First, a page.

I walk into the pub to wait for the coach to take us from Manchester to Stoke. Having just had a little bread for breakfast, I opted for some more breakfast and coffee instead, and sat down at a table, opposite an elder man, Peter, who was already on his second pint.
Although he lived in one of the houses closest to the ground, he hadn’t been going to matches since 1968. When United won the European cup, he had seen it all. I asked him what it was like to live so close to the ground on matchdays. There were no problems, although when I asked him about the seventies, he told about the massive fights and smashing of windows. I asked him when the players had stopped living in the neighbourhood. “George Best lived just up the road!” he said. “And Sammy McIroy lived just round the corner”.
A man-mountain skinhead walks by and says hello. “Don’t stand next to him, if you will stay out of trouble. That is my neighbour Fred. He keeps asking me, why the police always pick on him. I tell him to look into the mirror.” And I can see what he means.
Just past 12, the coach arrives, and gradually people drift from the pub. I take a window seat upstairs in the double-decker, and one of only two women sits down next to me. Annika is 37 and has been a season-ticket holder for 10 years, brought up in a United family with four brothers.
When I mention that there are not many women going, she becomes upset with the ones who actually do go to homematches. All the wives that just come along, not knowing a thing about football, taking up seats for proper fans. They should have their credentials tested before being allowed in.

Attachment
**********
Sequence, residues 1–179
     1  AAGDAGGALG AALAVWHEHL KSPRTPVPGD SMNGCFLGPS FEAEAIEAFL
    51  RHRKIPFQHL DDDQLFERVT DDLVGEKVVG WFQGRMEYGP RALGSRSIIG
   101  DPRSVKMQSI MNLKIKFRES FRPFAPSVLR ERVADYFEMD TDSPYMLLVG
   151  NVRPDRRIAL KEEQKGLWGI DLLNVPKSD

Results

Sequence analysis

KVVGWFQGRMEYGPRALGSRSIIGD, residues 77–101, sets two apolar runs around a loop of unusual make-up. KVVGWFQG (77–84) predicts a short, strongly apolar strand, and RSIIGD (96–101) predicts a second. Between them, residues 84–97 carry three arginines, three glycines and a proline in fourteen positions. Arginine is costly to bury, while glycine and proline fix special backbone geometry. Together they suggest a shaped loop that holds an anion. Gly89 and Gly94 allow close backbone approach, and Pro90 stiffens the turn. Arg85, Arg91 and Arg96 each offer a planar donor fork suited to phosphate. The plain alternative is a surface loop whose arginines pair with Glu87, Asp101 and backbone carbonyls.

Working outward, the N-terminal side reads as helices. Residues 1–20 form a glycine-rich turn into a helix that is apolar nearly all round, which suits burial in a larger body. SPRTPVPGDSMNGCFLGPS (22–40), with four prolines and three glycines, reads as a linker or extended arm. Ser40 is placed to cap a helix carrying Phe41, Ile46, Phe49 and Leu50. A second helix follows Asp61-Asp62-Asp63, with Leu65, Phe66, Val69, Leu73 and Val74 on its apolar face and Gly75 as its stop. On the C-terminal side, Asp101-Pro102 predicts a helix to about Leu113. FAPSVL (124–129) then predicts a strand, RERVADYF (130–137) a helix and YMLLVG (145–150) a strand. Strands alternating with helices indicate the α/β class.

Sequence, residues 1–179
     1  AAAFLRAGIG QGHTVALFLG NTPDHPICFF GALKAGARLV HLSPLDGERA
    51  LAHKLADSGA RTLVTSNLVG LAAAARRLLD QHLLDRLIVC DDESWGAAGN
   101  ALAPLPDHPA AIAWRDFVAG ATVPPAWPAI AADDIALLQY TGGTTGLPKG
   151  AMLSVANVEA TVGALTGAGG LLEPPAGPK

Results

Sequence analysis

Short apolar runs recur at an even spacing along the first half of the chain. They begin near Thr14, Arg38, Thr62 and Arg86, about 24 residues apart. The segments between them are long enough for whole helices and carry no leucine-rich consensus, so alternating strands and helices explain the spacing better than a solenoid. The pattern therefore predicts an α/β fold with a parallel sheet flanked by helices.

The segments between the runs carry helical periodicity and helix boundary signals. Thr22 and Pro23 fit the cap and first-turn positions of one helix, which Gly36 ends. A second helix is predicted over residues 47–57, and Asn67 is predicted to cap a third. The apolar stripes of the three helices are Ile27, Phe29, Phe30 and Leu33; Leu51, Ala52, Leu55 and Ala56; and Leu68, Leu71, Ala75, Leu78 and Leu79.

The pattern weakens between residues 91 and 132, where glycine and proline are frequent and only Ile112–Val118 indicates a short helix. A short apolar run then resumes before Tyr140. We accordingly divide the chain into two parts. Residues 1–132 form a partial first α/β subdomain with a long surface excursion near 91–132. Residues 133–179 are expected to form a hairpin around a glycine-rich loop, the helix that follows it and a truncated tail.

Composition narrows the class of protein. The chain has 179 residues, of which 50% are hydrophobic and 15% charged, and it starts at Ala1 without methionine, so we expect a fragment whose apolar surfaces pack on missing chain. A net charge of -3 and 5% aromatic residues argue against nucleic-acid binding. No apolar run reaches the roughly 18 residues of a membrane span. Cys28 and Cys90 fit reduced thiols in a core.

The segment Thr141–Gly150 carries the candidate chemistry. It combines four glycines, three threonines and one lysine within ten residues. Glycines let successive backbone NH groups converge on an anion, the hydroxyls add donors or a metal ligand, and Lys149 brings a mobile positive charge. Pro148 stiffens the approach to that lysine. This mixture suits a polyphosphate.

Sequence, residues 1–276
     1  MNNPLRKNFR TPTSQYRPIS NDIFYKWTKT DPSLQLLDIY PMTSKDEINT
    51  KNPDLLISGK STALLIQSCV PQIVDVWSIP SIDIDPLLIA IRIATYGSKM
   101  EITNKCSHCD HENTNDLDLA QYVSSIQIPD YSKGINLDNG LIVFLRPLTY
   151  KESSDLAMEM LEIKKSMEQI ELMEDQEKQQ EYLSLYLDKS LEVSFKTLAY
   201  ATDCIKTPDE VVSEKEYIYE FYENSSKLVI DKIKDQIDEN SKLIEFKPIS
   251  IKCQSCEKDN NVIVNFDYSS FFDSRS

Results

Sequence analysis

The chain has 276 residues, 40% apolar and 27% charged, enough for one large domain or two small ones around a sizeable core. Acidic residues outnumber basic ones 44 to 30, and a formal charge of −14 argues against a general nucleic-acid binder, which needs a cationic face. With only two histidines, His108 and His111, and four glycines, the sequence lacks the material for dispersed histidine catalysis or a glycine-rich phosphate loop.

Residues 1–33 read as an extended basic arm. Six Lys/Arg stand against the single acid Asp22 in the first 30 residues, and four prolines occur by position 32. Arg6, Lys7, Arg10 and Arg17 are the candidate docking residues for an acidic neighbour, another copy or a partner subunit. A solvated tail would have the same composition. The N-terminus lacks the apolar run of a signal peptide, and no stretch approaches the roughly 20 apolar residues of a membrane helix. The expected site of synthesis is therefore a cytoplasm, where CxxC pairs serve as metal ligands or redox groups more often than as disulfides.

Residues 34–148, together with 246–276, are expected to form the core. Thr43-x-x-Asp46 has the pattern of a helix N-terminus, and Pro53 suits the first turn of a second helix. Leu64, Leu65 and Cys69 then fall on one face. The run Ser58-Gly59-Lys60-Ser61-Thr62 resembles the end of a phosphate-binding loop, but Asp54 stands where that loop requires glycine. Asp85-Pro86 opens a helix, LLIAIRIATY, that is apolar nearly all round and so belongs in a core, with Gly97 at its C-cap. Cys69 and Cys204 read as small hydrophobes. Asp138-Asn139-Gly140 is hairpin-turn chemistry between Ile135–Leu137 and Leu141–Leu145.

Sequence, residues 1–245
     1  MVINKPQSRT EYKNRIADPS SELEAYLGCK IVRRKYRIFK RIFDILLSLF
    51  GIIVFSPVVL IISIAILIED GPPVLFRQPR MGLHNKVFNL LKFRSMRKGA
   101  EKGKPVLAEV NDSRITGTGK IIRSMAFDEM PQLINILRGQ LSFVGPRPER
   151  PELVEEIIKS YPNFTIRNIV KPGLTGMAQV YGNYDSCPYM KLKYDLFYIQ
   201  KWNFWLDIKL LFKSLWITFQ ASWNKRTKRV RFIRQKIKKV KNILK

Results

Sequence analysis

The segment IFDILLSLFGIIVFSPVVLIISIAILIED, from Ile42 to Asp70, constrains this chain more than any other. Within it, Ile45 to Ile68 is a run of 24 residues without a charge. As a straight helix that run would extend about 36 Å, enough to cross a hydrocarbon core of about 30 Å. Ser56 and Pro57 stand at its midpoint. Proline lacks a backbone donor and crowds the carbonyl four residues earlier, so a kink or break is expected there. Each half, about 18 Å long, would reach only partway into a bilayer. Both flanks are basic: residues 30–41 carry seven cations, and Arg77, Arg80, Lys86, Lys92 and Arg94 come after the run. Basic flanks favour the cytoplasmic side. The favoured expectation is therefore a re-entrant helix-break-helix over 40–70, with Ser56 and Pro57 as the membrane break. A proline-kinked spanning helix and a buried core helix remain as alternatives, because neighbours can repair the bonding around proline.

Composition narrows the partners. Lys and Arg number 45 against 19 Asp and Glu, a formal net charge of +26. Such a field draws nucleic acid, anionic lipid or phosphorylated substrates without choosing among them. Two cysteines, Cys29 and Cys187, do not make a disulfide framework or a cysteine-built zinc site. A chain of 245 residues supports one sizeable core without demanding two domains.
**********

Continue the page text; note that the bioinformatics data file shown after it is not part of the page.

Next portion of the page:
The last few miles to the ground, a couple of policemen on motorbikes escort our coach. The Britannia is just off the motorway, and the rest of the traffic is held back, as we are escorted into a fenced-in carpack for away fans, just off the entrances to the away end. It is only 10 minutes to kick-off as we arrive. The security guy who searches me spots my camera and my microphone. I tell him that I am doing research into football fans – and he takes me along to head of security. “This guy says he is doing some feature on football fans. He has a camera and microphone”. Fortunately, head of security says it is allright, and allows me in.
I head straigth for the stands instead of buying some much needed lunch. The Crewe fan, I had met Wednesday had told me that the Britannia as a stadium is an accident waiting to happen. It is so badly designed. Steep stands with very few exits and too narrow aisles. My seat was at the top of the stand, and in the sea of standing United supporters (United’s away support is always stading) I couldn’t even see where the aisle was supposed to be. But I just managed to get to the top before the game started.